Corruption contributes directly to insecurity. It has a corrosive effect on combat readiness and effectiveness, undermining the ability to meet national security threats.
130 Search Results for "Corruption" …
ACSS hosted a public event on September 30, 2014, “Peacekeeping and Corruption: Taking Stock and Best Practices,” marking the release of Transparency International-UK’s handbook (Corruption Threats and International Missions: Practical Guidance for Leaders). The dialogue highlighted the undermining effect that corruption has on the effectiveness of peace support operations and the importance of making countering... Continue Reading
A wide spectrum of credibility marks the 13 African elections slated for 2021. This has direct implications for the legitimacy of the leaders that emerge and their ability to navigate the security challenges they face.
A new generation of Ugandans demanding more political inclusion is challenging the NRM old-guard’s monopoly on power, highlighting widely differing visions of the country’s future surrounding the January 2021 elections.
Nigeria’s largest protests in a generation are calling for police and governance reforms—and expose long-delayed initiatives to enhance professionalism and oversight of Nigeria’s police.
Sudan needs a national security strategy to guide the reforms of its security sector from a tool of repression to sustain the old regime to a professional force that protects citizens under a democratic system.
Despite commendable progress over the past decade, continued social and political polarization in Côte d’Ivoire could lead to another bout of instability in a country long known as an anchor in West Africa.
A series of monthly academic webinars for alumni examining the political economy of the actors and markets involved in transnational organized crime (TOC) and analyzing how to strategically diagnose and respond to TOC in ways that strengthen citizen security for all and build resilience. The webinars will feature academic and practitioner experts, and Africa Center alumni are invited to attend, either for one or more sessions or the whole series of discussions.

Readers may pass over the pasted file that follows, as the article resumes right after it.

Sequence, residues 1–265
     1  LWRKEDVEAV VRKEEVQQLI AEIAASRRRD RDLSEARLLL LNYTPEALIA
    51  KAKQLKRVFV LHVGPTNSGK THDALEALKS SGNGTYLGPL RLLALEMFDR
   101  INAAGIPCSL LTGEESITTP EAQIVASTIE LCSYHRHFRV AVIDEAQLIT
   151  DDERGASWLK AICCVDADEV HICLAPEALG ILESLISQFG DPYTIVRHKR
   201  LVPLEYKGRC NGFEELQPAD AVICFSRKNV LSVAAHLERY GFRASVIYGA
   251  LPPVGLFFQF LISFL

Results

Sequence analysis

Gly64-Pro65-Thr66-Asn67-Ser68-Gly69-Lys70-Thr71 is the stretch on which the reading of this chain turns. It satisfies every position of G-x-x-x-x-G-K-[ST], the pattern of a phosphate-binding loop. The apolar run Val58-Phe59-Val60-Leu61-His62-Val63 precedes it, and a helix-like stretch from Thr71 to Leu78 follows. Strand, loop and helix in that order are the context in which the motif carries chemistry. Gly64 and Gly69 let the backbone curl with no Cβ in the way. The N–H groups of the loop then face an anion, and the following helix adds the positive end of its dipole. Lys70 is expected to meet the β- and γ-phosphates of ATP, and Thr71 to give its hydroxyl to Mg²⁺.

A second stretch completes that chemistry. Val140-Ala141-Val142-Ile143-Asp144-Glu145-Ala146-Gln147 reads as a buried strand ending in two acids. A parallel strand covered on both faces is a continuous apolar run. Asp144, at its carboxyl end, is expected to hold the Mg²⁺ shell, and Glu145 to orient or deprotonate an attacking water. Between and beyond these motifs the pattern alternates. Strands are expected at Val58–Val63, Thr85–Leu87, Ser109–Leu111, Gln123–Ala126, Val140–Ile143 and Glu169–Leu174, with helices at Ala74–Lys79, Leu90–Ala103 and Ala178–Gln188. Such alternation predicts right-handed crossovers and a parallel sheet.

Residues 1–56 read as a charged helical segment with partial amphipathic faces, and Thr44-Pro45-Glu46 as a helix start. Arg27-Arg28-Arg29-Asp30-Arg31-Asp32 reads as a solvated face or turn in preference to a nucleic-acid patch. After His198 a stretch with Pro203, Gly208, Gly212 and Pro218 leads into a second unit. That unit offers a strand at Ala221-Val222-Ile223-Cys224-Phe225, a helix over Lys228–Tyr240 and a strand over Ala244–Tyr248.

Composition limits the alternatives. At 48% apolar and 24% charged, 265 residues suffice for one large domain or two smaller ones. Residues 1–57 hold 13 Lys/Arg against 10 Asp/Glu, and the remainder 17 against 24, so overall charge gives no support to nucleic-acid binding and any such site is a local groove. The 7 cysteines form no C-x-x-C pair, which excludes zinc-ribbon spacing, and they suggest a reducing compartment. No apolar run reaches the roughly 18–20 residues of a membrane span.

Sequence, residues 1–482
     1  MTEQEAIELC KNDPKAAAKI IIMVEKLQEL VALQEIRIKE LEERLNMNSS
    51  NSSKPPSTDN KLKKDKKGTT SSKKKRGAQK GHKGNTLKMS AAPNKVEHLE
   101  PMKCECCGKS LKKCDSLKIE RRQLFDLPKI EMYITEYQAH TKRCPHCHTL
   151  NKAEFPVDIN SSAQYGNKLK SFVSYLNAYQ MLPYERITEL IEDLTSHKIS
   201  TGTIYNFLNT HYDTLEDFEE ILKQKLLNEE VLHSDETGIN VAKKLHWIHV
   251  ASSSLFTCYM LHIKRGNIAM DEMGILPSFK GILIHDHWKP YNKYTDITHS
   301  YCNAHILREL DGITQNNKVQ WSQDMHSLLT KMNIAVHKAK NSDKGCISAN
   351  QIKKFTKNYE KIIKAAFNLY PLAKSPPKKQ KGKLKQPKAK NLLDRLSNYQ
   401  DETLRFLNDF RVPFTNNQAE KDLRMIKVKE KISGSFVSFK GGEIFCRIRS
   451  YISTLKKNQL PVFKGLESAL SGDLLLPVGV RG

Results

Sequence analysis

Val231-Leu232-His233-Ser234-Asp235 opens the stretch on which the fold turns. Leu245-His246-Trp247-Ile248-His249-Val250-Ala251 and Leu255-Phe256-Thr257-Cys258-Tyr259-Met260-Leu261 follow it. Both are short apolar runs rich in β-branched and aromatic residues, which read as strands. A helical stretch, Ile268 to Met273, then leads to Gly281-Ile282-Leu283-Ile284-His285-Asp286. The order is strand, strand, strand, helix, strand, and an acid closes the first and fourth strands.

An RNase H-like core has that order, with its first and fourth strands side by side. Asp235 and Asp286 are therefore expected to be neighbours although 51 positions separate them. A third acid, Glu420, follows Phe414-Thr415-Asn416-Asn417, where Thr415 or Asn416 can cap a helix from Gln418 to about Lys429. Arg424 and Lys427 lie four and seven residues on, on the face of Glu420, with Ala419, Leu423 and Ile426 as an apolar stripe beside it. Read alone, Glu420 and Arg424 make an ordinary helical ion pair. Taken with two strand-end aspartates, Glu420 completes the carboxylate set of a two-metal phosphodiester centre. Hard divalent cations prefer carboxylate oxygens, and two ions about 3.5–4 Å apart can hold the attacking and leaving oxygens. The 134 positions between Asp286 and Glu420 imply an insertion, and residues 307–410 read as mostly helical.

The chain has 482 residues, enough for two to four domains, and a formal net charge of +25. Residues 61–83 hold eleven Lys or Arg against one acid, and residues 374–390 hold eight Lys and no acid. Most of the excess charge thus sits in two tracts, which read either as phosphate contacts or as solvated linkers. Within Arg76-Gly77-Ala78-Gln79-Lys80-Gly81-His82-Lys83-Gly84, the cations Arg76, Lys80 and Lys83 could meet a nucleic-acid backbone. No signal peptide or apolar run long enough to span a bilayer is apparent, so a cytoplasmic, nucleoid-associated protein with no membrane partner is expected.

West Africa must stand up against the erosion of democracy lest the region return to the devastating conflicts from which it took so much effort and time to recover.
Each year, an estimated $88.6 billion is siphoned from the African continent in the form of illicit financial flows (IFFs). This amount is nearly as large as the total development assistance and foreign direct investment received by Africa. IFFs are primarily related to high value, low-weight extractive commodities (gold and diamonds for example) and contribute to the financing of terrorism and some conflicts. Investment in data infrastructure is a priority, along with taxation reform, fighting corruption and money laundering and protecting whistle blowers and media.
After leading a coup against a democratically elected government, junta leader Colonel Assimi Goïta has attempted to rehabilitate the image of military government in Mali.
In defiance of a Sept. 15 deadline to step aside for a civilian transitional government set by the West Africa regional body, ECOWAS, Mali’s coup leaders have proposed a plan that would keep the military in charge. A convenient provision of the plan is that leaders of the Aug. 18 coup would be granted judicial... Continue Reading